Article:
US 2546296 A
Description (OCR text may contain errors)
March 27, 1951 W. BRAUN CUSHION PLATFORM TYPE SHOE CONSTRUCTION Filed June 25, 194s x llllll IIIIHIIIIII IN VEN TOR. W .4L rE/a BQA UN,
QTTORNEYS Patented Mar. 27, 1951 CUSHION PLATFORPKTYPE SHOE CONSTRUCTION Walter Braun, Los Angeles, Calif.
Application June 25, 1948, Serial No. 35,190
This invention relates to shoe construction and in particular to a cushion platform type which incorporates a resilient cushioning element between the upper and the outsole, such element be ing enclosed by an edge covering of sheet material which extends entirely around the platform.
Various materials have heretofore been employed for the cushioning element, as for example felt, sisal, cork, and other compositions. So far as I am aware no one has ever utilized awaiile surface sponge rubber for the purpose. Such a material oiers lightness, buoyancy, 100% return to original shape, and general lasting qualities superior to other materials. In endeavoring to adapt this material as a cushioning element in a shoe several problems were encountered the solution of which gave rise to the present invention.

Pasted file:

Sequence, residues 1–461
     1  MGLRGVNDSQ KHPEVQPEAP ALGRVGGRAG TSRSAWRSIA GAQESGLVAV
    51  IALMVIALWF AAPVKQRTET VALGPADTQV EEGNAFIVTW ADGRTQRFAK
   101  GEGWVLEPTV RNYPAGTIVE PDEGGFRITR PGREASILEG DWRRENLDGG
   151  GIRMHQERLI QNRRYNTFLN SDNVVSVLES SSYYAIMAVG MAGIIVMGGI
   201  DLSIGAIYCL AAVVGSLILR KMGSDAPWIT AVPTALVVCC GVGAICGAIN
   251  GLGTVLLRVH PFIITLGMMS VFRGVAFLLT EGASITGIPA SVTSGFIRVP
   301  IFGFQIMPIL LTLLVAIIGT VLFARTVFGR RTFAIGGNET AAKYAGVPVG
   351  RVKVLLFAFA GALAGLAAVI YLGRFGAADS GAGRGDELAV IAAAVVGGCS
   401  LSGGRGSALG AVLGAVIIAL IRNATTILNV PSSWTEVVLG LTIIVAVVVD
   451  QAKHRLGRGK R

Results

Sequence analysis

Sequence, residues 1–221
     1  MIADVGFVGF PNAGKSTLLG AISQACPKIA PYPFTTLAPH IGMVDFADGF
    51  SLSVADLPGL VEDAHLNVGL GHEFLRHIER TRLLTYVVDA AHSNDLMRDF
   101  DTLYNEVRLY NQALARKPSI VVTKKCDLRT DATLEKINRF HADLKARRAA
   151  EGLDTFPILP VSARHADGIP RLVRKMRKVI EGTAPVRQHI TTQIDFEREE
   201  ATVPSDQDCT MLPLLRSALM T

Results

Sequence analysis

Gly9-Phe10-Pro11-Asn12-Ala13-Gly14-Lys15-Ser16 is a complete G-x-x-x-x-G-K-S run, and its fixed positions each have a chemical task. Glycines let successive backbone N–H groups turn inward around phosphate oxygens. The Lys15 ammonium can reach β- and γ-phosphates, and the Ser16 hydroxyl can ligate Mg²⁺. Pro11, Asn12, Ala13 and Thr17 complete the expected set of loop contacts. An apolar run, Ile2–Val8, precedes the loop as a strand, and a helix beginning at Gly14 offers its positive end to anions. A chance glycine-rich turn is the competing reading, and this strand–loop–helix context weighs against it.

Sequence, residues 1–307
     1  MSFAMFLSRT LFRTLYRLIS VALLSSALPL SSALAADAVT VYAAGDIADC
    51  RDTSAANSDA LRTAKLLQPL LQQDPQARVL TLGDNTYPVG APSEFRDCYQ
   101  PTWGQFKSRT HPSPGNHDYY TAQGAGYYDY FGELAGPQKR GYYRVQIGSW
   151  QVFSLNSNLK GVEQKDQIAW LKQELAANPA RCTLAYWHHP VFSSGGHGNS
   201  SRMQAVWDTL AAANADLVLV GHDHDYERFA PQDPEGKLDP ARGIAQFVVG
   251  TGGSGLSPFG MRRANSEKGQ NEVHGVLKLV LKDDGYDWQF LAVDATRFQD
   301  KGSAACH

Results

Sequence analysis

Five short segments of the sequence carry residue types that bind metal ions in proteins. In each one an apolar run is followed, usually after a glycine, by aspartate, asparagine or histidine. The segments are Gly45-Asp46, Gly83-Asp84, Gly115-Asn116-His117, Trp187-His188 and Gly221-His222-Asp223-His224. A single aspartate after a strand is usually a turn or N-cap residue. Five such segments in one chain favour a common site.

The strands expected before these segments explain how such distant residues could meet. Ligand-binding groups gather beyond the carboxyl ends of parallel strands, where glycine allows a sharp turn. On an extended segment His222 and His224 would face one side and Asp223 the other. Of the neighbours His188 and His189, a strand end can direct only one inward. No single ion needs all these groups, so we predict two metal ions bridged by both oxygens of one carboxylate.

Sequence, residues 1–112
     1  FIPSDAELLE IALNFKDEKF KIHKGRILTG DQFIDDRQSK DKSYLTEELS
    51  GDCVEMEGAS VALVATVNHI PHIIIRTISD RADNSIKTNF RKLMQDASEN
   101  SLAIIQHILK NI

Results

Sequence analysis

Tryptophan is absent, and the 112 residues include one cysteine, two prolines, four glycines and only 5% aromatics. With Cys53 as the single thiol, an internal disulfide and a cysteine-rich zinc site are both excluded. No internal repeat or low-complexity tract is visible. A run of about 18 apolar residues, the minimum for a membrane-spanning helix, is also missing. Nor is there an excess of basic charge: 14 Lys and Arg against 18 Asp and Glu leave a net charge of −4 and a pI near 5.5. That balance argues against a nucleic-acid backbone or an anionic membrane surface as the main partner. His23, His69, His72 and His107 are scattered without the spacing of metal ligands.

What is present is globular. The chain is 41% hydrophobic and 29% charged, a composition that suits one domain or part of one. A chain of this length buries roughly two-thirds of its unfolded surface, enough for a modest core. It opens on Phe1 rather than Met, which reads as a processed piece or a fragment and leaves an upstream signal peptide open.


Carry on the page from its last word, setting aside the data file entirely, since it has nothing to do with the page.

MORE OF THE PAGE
For example, it was found that the best general results were obtained when using a sponge rubber having a flat plain surface on one side and a waiile surface on the other side to place the wae surface down and the iiat, smooth surface up against the insole. `Doing this, however, left only the edge of the wailie surface upon which to attach the inturned part of the edge covering and such a relationship was found insuicient. It was then discovered that by mounting the waiiie surface of the sponge rubber upon a :3o-extensive sheet of chipboard or generally equivalent materia] an adequate base would be provided against which to cement the in-turned edge of the cover. Other problems were encountered and solutions reached which will be discussed hereinafter.